1. v8 - Node uses the v8 JavaScript engine under the hood to run its various tasks. The v8 engine is a JavaScript open-source engine that is maintained by Google and it is written in C++. Node uses this engine with the C++ API.

2. Libuv - This is another core implementation used by Node to run its environment. It is a C library used to abstract non-blocking I/O operations. This library maintains its disk operation interface like the file system, DNS, child processes, signal handling, and streaming among other concepts.

3. Zlib - This is used for compression and decompression purposes, it is an industry-standard library, popular for its use in gzip and libpng. It is also used to implement sync, async, and streaming compression and decompression interfaces.

4. OpenSSL - This is used in tls and crypto modules to provide cryptographic functions to improve its security.

NPM

NPM is the short form for Node package manager. This is the standard package manager for Node which manages different packages on Node just like a composer in Laravel.

NPM is a registry that contains different dependencies and modules available to use in NodeJS. The NPM is widely accepted as it is also used in frontend libraries to frameworks, especially like Angular and Vue.

NPM keeps track of a project dependency with the use of 'package.json' which states the various dependencies and modules available in a project and its version.

Running 'npm install' automatically installs packages in the package.json not yet available in the file and also tries to update available files if needed.

NodeJS application architecture

This concept talks about all the core parts that make up a good application. To have a good application, there are three main things it comprises;

  1. Security
  2. Scalability
  3. Speed

1. Security - The safety and security of an application cannot be over-emphasized. It is important to know that clients are not at any risk of using your application. Node implements this concept with its use of SSL/TSL, secure https, web crypto API, and others.

2. Scalability - Node applications are easily scalable and can also be easily refactored with the use of microservices and other concepts. Node is also continuously adding the latest features to improve its runtime and features.

3. Speed - Due to its asynchronous nature and single threading, Node applications running time is fast by default and offers mind-blowing performances. These are all for the advantage of clients as clients are likely to revisit if they perceive a web application as fast.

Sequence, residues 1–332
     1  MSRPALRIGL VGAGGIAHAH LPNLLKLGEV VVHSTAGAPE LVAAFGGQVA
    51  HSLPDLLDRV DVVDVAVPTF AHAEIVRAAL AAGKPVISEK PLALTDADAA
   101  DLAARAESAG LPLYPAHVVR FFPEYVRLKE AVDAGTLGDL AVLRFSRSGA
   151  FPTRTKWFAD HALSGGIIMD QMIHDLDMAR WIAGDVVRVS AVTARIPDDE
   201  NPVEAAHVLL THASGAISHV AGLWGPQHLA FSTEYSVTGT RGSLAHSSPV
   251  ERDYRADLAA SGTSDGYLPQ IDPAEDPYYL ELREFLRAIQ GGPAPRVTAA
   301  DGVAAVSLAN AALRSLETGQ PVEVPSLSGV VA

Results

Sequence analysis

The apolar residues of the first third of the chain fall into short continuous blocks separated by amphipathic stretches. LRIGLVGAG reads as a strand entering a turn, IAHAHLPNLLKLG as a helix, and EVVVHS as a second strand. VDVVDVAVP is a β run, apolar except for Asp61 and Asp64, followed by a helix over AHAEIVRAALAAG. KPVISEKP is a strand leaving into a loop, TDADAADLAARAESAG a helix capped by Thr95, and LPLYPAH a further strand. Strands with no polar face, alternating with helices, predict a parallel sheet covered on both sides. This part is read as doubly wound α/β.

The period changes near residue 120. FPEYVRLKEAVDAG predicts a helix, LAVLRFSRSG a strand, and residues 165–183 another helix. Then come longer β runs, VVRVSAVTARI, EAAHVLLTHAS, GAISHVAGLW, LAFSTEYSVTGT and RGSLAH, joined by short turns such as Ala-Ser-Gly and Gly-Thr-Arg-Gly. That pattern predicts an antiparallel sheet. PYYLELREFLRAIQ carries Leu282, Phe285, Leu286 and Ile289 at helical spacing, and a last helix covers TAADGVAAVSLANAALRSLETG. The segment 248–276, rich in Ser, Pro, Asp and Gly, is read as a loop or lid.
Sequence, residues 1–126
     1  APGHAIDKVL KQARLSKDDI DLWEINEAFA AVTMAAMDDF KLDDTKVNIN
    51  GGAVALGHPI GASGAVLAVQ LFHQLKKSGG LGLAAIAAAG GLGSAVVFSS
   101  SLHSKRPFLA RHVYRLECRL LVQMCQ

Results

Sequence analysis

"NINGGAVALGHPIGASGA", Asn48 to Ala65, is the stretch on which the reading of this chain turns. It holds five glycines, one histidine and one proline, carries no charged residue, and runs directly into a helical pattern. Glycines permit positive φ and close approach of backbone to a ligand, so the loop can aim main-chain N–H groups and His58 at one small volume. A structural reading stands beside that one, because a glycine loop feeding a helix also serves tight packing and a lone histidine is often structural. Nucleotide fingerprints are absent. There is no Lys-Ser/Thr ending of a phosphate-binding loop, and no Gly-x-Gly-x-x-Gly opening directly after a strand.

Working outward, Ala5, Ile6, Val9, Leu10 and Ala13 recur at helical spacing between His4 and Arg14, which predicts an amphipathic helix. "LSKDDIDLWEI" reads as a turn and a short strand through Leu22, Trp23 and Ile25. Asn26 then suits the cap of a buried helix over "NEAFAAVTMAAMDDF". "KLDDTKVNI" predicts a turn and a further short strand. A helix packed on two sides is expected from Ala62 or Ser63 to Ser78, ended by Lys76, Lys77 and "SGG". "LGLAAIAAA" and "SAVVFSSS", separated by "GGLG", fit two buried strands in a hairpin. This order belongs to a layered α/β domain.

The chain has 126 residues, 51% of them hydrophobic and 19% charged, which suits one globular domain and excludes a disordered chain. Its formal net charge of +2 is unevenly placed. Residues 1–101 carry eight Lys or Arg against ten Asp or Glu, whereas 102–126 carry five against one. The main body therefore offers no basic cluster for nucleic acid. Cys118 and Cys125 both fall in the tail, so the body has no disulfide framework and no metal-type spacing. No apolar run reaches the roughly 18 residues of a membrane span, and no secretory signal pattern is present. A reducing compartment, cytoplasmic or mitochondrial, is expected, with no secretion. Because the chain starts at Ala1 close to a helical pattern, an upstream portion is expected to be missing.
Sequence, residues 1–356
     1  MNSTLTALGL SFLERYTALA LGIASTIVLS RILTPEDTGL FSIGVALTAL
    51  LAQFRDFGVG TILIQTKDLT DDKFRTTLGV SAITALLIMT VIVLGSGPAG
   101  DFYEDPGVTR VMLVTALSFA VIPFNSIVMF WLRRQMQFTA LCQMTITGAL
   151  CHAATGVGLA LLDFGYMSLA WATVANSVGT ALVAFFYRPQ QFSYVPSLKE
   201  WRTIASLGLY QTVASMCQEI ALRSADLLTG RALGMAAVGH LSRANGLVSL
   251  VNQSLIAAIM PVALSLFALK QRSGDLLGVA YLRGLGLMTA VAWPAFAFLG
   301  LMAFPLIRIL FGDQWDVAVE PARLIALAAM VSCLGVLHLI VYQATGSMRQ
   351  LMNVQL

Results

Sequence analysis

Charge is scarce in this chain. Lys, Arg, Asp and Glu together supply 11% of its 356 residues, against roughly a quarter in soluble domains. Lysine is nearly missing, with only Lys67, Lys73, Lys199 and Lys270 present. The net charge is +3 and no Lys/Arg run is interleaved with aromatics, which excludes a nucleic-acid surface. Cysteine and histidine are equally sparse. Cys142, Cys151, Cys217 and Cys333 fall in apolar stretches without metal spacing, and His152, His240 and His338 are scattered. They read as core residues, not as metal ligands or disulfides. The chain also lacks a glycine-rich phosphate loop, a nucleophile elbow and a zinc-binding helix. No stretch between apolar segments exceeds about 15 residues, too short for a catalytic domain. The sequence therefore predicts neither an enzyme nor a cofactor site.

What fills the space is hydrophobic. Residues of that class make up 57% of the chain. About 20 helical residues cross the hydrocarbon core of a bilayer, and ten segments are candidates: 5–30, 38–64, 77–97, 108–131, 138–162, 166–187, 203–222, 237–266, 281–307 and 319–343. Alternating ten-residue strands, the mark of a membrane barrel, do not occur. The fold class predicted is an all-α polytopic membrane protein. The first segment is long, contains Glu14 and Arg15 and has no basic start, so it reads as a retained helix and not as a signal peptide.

Conclusion

NodeJS offers an impressive list of different features that makes working with it a breeze. Little wonder it is so popular now with its core implementations and use of different libraries and has also been largely adopted by different organizations, thereby, creating a plethora of NodeJS developer job opportunities. The NodeJS architecture displays a well-thought-out process aimed at improving the developer experience and seamless services.

Author

  • Author

    David Ikukoyi

    David is a technical writer and front end developer. He has successfully published several articles on web technologies and worked with teams in creating scalable softwares. He has contributed to open source projects and also specializes in frameworks like angular, react, node among other technologies.

Frequently Asked Questions

NodeJS architecture is the different facets and thought processes that make up the application including the different features it added to run efficiently like the v8 engine, and microservices among others.

Node uses different libraries including openSSL, v8, libuv, and others. It uses this implementation to perform various herculean tasks and it maintains its single threading platform.

The I/O stands for input/ output which refers to the reading and writing of files to disk and communicating with servers among other features.

Node uses different design patterns, some of them are:

  • Microservices
  • Event loop
  • Singletons
  • Modules

The event loop allows NodeJS to perform non-blocking I/O operations — despite the fact that JavaScript is single-threaded — by offloading operations to the system kernel whenever possible.

A microservice as explained earlier is the process of breaking an application into small chunks. In the instance of creating an eCommerce application, we will need to connect to a database resource, this will be created as a service by creating 'db.js'.

const mongoose=require('mongoose');
const connectDB=async ()=>{
    try {
        const conn=await mongoose.connect(process.env.MONGODB)
        console.log(`MongoDB connected: ${conn.connection.host}`)
    } catch (error) {
        console.log(error)
        process.exit(1)
    }
}

module.exports=connectDB;